The court opined that the DRT erred in issuing directions that the Bank will first have to take possession and thereafter refund the auction money with interest as once the sale is set aside, the status of the appellants as owners would automatically revert to that of tenants. The Bank did not have any right to claim actual physical possession from the appellants nor were the appellants be under any obligation to handover physical possession to the Bank.  


The court observed that the failure of the Bank in following the prescribed mandatory procedure for conducting the auction sale has resulted in prolonged litigation for all the parties. The court also noted that the dues of the Bank have been fully discharged and an additional amount of the auction money is lying with them, which should be returned to the appellants. In the circumstances the bank was of the view that the award of interest on the auction money deserves to be enhanced.  


Order of the court: 


The Court set aside the auction sale and restored the status of the Appellants as ‘tenants’ of the property.  The Borrowers were granted liberty to evict the appellants in accordance with law.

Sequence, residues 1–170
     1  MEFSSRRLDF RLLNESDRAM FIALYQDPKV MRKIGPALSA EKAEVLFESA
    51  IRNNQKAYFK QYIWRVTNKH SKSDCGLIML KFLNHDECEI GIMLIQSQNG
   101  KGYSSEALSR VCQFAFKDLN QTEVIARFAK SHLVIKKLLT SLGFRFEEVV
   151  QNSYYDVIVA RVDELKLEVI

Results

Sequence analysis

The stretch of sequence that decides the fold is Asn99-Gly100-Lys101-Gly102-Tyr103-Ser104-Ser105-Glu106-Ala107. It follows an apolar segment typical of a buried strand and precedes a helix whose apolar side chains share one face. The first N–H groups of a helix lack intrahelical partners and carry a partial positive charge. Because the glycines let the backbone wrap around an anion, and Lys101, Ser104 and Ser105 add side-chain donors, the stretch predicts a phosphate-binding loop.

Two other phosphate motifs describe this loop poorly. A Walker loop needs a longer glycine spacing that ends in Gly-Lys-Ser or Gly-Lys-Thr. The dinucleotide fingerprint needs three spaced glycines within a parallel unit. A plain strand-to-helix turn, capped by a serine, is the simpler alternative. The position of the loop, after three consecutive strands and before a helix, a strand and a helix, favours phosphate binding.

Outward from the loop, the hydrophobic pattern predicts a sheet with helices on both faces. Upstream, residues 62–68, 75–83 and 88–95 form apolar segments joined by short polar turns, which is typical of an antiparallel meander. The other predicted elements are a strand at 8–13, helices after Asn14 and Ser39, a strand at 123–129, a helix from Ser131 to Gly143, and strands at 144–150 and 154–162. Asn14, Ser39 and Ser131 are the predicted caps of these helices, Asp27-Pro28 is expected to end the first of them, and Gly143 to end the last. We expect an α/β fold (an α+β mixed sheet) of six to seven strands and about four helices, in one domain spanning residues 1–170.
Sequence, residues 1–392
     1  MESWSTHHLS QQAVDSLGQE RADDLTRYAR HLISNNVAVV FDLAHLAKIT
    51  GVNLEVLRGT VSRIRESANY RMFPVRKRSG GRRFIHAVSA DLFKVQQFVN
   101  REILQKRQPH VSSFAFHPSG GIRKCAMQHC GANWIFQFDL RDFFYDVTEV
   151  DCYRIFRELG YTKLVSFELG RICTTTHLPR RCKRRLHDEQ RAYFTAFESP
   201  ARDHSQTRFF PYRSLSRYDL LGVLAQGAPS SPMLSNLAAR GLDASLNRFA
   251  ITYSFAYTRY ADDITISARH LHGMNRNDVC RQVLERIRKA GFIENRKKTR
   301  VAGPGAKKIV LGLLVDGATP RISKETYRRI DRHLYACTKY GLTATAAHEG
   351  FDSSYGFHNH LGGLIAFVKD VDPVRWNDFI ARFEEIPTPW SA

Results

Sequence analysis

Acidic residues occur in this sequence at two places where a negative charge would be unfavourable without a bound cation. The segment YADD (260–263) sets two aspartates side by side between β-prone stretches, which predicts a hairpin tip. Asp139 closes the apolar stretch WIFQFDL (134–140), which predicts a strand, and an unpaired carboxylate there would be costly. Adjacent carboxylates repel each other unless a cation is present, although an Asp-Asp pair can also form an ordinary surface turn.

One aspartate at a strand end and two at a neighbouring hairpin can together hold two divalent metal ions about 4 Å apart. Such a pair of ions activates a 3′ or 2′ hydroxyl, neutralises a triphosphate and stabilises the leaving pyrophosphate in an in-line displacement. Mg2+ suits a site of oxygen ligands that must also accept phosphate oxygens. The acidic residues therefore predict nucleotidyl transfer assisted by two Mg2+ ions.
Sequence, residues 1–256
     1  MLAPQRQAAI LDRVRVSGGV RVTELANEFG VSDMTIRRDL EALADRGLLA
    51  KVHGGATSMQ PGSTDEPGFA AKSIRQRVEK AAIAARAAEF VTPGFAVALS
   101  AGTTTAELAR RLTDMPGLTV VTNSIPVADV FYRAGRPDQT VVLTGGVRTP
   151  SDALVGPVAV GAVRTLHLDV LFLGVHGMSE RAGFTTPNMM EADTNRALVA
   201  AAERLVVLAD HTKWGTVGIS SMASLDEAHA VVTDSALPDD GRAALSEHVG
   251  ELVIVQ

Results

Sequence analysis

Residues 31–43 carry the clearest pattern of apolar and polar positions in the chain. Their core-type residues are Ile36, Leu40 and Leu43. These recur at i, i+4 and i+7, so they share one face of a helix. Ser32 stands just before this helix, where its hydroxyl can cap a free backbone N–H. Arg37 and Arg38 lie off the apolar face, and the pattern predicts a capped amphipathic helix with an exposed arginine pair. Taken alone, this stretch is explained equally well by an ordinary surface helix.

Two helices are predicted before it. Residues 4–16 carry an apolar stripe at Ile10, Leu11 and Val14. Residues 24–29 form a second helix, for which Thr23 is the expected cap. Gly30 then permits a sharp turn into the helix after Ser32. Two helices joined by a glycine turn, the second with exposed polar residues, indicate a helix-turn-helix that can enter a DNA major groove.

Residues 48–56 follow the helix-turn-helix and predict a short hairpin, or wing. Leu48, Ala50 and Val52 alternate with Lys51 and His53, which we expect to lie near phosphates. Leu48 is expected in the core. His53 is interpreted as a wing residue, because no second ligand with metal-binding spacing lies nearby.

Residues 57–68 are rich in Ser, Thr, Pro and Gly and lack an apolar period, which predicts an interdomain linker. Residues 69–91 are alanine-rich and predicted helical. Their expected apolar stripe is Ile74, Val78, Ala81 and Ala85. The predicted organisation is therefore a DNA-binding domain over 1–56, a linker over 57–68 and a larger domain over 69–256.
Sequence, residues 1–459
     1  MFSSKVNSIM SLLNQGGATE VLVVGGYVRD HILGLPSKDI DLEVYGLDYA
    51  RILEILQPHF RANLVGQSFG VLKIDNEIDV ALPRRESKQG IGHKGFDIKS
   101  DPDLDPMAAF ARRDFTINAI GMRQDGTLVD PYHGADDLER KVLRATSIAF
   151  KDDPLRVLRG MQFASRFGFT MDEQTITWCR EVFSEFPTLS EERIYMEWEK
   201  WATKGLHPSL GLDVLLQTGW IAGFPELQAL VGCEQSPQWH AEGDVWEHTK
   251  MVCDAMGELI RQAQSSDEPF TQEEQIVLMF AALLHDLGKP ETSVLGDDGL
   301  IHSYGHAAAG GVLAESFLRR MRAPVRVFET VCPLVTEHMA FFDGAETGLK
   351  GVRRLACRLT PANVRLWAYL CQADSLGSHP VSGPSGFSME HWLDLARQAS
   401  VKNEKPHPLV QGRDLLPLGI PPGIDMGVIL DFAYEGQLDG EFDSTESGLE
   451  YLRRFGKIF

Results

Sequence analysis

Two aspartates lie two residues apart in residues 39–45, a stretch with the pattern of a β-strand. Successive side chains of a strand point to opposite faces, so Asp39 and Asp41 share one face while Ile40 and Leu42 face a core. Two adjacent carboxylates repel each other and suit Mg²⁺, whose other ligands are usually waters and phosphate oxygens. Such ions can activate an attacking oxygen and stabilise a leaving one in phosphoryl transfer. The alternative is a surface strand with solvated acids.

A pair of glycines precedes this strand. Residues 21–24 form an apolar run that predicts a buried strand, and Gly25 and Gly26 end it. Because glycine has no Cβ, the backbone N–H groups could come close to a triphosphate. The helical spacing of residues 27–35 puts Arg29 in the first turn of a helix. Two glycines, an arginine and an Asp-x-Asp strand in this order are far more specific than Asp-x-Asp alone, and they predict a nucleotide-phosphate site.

The court ordered the Bank to refund the entire auction/sale money to the Appellants along with compound interest @12 per cent per annum to be calculated from the date of deposit till the date of payment.  


The Borrower and the Bank were directed to streamline their accounts and upon settlement of the same the Bank was directed to issue a ‘No Dues Certificate’ to the Borrower. 


The judgement underlines the importance of following the mandatory process laid down by the law as failure to do so causes unnecessary litigation, consequent expenses and wastage of time for the litigants and the court.   

 

In The Supreme Court of India  

Civil Appellate Jurisdiction  

Civil Appeal No.        Of 2024  

(Arising Out Of S.L.P.(C) No.24155 Of 2018)  

Govind Kumar Sharma  & Anr.           

Versus  

Bank Of Baroda & Ors.